7 November 2011
The Department of Health (DH) has published information to support European Antibiotics Awareness Day, which is on the 18th of November 2011. The aim of this annual event is to tackle the rise in antibiotic resistance and encourage responsible use of antibiotics. Support materials have been produced for both hospital and primary care settings and can be downloaded from the DH website.
Prescribers and prescribing managers should consider using the support materials to promote the appropriate use of antibiotics. Healthcare professionals should follow NICE guidance on respiratory tract infections and/or local guidance based on advice from the Health Protection Agency (HPA).
The HPA advises that an antibiotic should be used only when there is likely to be a clear clinical benefit and, broad spectrum antibiotics (which include quinolones and cephalosporins) should be avoided where a narrow spectrum agent is indicated. Generally, prescribing for viral or mild, self-limiting infections such as coughs and colds is unlikely to improve the course of the illness, puts patients at risk of unnecessary adverse reactions (e.g. vomiting, diarrhoea, rash, fungal infection) and encourages further consultations.
NICE recommends that antibiotics should be offered immediately, with or without further appropriate investigation or management, in certain cases. For example, if the patient is likely to have a serious bacterial infection, or is at risk of suffering a prolonged or severe illness or complications, if he/she is systemically unwell or has pre-existing co-morbidities such as heart or lung disease. However, for many patients providing reassurance that the symptoms will resolve without antibiotic treatment and the use of watchful waiting or a delayed prescription may be more appropriate.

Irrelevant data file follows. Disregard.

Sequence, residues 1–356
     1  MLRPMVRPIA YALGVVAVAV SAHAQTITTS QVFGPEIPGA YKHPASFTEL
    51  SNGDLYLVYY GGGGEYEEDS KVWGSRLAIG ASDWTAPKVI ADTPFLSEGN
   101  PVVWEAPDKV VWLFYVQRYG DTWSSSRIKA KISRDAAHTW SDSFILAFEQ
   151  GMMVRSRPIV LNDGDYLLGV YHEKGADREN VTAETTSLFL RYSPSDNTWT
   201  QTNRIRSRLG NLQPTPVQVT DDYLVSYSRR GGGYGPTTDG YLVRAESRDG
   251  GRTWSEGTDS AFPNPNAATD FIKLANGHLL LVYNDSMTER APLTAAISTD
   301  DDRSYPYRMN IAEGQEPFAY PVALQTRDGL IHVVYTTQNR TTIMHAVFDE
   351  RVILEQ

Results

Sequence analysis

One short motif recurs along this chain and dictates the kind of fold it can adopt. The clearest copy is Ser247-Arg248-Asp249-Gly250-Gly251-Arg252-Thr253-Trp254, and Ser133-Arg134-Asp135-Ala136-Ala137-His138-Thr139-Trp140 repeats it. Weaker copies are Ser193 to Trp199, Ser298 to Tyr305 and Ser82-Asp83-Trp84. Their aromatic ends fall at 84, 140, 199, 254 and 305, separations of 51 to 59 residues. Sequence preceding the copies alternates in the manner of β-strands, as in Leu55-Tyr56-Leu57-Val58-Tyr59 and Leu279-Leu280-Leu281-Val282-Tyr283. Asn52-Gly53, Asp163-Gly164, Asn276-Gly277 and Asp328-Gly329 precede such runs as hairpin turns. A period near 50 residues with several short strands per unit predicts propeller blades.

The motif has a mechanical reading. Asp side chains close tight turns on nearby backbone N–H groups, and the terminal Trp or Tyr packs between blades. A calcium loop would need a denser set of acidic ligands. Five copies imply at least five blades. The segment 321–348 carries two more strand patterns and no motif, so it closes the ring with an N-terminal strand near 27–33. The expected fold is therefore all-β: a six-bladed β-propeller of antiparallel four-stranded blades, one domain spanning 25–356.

The NPC has produced resources to support the QIPP initiative, based on the document, Key therapeutic topics – medicines management options for local consideration. These include a set of slides with supporting notes and a recorded commentary to help clarify the key issues around antibiotic prescribing, especially quinolones and cephalosporins.
Why is the responsible use of antibiotics important?
As the DH letter says, the number of infections due to antibiotic-resistant bacteria is growing globally and is related to the overuse of antibiotics and inappropriate prescribing. Recently there have been decreases in MRSA and Clostridium difficile.However, infections are still a major threat to public health with many examples of recent media attention to this subject. While resistance to antibiotics is inevitable, prudent prescribing can help slow the development of resistance.
What support materials are available?
The support materials include factsheets aimed at prescribers and prescribing managers detailing the main issues surrounding antibiotic resistance, and a slide presentation which can be used for staff and medical students in hospital training. Resources for patients include leaflets, posters and non-prescription pads, which can be printed and given to patients as a aide memoire as to why antibiotics have not been prescribed at a consultation. In addition the Royal College of General Practitioners has produced a booklet ‘When should I worry’ for use in primary care consultations with parents about the management of respiratory tract infections in children. There are also short videos for use in patient waiting areas to remind patients to ‘Take care, not antibiotics’.
Further information on common infections can be found on NHS Evidence and in the common infections e-learning section of the NPC website. The NPC e-learning resources include two patient decision aids on common infections, which may be helpful when discussing the benefits and risks of using antibiotics with patients.
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